Hot answers tagged

332

The MAC address might be unique, but there's nothing special about the number that would indicate where it is. MAC 00-00-00-00-00-00 might be on the other side of the planet from 00-00-00-00-00-01. IP is an arbitrary numbering scheme imposed in a hierarchical fashion on a group of computers to logically distinguish them as a group (that's what a subnet is). ...


70

Because the routing tables would become impossibly large. IP addresses are allocated hierarchically, so a router can group routes by address prefixes. The number of autonomous systems present on the net now is reasonable enough to fit in today's hardware. On the other hand, the distribition of MAC addresses across the network is random and completely ...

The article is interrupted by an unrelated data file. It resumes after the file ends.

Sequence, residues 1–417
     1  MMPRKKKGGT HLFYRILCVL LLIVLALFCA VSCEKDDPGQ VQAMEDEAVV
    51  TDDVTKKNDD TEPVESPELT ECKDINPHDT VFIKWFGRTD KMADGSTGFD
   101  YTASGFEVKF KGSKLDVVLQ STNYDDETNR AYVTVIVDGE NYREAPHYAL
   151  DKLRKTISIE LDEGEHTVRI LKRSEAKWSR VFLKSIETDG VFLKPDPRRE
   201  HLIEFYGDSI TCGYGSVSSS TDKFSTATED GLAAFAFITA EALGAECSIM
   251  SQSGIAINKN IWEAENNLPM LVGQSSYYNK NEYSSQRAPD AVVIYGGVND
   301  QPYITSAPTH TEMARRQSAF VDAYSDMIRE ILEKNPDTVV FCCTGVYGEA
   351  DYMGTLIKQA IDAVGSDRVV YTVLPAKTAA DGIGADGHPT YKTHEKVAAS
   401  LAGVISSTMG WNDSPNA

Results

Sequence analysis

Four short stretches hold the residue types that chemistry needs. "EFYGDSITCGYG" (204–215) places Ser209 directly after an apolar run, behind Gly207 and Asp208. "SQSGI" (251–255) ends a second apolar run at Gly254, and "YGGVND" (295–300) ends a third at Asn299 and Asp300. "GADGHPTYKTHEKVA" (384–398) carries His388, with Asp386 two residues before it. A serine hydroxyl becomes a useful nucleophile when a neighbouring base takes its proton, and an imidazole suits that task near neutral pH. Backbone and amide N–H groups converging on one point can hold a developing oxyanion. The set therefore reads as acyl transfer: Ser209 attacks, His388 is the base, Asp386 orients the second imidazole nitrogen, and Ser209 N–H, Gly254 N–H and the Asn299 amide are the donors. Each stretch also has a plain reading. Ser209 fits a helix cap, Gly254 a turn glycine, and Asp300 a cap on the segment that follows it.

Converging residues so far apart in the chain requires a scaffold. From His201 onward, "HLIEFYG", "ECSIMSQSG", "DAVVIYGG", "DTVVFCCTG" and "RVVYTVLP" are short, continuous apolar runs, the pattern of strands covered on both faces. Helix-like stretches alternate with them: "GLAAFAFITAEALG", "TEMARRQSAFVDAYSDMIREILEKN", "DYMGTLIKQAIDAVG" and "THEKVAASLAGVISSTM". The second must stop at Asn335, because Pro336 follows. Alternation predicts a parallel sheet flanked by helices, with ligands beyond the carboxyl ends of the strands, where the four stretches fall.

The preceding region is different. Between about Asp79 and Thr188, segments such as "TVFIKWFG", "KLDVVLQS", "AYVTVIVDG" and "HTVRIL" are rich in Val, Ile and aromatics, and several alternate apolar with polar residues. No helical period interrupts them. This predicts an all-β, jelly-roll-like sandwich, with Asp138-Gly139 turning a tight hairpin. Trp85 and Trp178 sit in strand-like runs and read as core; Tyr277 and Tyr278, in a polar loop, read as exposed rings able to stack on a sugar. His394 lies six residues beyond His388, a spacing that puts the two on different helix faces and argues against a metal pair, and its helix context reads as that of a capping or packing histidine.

66

No, they are completely incorrect. In fact, this is a valid IP address: 192.168.24.0 As is 167.23.0.1. Separation of the IP address into dotted segments is a purely human convenience for display. It's a lot easier to remember 192.168.1.42 than 3232235818. What matters to computers is the separation (netmask). It's not valid to have an host address with ...


66

Disclaimer: No offense, but this is a really bad idea. I do not recommend that anyone do this in real life. But if you give a bored IT guy a lab, funny things will happen! For this experiment, I used a Microsoft DNS server running on Server 2012 R2. Because of the complications of hosting a DNS zone in Active Directory, I created a new primary zone named ...


36

It's also reserved for loopback, so no, it's not widely used for anything. In practice, 127.0.0.1 is usually used as "the" loopback address, but the rest of the block should loopback as well, meaning it's just generally not used for anything. (Though, for example, larger Cisco switches will use 127.0.0.xx IPs to listen for attached cards and modules, so at ...


35